shutterWhisper-IMG_5684Young children are playful by nature – from a very early age they learn about the world around them by using all of their senses and testing the properties of surrounding objects; later on they use their observation skills and growing imagination to role play and pretend. Then there is sensory play and creative play, small world and outdoor play, puppet play and play with books – observe a small child for an hour and you will see them engaging in all kinds of playful explorations.

At Alphabet Academy play is the cornerstone of our educational curriculum. In our program children are learning all day long – and they do it while engaging in all kinds of play, which keeps them interested, motivated and focused.

”Play is the royal road to childhood happiness and adult brilliance.” ~Joseph Chiltern Pearce


We teach mathematical concepts like number recognition, one to one correspondence and patterning through interacting with hands on materials and playing math games. We work on language development by reading lots of books, acting out stories and incorporating print and writing materials into dramatic play. Sensory play with water, sand, play-dough, paint – by far the most important kind of play for young children – teaches them how to use their senses to learn about their world. Creative play with art materials or through music and movement teaches children how to express themselves.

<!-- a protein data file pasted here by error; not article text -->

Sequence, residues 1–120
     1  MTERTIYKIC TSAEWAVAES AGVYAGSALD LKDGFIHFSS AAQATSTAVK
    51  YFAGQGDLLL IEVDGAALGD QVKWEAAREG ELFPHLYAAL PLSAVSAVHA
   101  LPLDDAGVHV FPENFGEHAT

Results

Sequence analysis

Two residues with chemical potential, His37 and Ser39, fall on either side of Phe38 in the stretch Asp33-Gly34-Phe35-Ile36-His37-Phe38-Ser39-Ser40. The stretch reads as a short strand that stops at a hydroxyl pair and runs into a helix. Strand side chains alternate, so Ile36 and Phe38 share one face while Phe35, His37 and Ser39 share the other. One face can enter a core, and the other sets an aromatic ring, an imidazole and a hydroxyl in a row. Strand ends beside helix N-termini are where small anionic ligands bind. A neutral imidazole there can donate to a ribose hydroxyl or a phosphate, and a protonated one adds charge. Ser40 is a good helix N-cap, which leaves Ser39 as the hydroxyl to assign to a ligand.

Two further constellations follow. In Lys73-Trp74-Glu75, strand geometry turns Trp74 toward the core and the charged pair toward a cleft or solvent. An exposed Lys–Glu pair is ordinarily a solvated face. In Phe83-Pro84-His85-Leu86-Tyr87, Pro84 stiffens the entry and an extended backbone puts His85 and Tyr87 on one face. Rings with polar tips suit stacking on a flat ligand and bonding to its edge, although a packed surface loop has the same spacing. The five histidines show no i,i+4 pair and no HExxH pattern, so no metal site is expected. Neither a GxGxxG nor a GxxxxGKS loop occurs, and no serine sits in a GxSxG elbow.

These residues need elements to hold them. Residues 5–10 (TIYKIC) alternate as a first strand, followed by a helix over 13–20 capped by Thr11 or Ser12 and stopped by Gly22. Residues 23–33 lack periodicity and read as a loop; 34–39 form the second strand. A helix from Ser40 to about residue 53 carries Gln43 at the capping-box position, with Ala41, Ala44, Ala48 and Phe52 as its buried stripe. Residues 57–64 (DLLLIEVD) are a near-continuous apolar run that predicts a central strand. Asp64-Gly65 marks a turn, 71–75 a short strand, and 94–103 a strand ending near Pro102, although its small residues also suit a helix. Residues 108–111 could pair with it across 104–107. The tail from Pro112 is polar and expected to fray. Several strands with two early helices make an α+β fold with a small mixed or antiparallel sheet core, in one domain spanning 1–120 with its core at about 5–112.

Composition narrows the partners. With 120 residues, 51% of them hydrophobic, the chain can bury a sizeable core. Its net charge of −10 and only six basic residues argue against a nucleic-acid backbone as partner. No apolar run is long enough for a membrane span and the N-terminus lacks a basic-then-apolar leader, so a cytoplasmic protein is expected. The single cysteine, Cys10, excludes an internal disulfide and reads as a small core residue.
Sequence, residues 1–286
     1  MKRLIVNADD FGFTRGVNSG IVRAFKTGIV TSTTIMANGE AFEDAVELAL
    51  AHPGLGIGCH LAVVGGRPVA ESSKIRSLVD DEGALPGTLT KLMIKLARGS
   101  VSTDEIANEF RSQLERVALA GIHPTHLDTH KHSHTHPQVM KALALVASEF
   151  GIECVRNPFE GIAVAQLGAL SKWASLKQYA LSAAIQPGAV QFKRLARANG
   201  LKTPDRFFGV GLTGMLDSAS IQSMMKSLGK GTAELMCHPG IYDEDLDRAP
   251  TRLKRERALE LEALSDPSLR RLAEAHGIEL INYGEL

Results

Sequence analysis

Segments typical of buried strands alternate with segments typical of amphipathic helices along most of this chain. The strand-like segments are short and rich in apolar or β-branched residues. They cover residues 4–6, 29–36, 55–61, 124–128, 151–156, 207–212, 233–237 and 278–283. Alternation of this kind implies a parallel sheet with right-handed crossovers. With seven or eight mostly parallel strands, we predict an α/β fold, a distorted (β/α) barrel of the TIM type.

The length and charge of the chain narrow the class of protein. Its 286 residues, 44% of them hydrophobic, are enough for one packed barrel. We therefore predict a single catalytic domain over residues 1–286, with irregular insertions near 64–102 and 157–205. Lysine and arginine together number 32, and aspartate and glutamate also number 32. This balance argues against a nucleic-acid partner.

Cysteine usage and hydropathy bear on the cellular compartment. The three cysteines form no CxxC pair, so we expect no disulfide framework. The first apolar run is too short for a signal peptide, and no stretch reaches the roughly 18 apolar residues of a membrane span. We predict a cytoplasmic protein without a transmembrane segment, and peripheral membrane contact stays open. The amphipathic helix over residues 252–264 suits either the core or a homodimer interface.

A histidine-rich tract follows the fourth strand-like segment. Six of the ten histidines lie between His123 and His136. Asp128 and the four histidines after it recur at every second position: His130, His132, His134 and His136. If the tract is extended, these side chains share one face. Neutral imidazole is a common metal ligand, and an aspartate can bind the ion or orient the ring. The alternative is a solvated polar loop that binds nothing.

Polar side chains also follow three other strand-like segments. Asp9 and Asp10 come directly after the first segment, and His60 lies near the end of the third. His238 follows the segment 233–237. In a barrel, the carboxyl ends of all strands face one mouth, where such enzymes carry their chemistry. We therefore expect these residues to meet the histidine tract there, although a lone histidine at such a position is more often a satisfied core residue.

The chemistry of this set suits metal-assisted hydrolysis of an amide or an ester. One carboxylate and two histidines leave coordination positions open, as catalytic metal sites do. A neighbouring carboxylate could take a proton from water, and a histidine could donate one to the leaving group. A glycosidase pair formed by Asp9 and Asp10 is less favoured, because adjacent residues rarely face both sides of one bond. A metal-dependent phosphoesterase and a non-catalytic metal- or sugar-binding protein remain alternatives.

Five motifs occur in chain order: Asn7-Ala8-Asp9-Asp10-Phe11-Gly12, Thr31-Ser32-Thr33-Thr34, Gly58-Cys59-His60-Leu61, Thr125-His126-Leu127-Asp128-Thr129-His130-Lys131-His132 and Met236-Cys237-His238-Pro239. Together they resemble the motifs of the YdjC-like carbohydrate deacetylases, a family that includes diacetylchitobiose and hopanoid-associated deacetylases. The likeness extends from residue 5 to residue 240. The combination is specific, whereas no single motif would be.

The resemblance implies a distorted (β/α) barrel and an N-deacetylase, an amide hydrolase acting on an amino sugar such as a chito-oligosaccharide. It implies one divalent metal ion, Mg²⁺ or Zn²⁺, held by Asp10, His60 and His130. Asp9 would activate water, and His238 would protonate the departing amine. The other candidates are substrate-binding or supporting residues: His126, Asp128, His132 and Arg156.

Our curriculum is based on the concept of Projects. What this means is that children have an opportunity to explore a subject that interests them in depth, without having to limit their exploration to a set amount of time, or be bounded by a pre-selected set of topics. A group of children learning about insects might read books about them and look at pictures, look for and examine with a magnifying glass insects at the outdoor playground, practice their math using bug counters, build ant farms with matchsticks and blocks and grow their own butterflies from caterpillars. Our teachers incorporate math, logic, analytical and observational skills, problem solving and language arts into every activity children participate in, without making it feel like a lesson.

To learn more about our programming for a specific age group, go to Programs.

”Play is our brain’s favorite way of learning.” ~Diane Ackerman, contemporary American author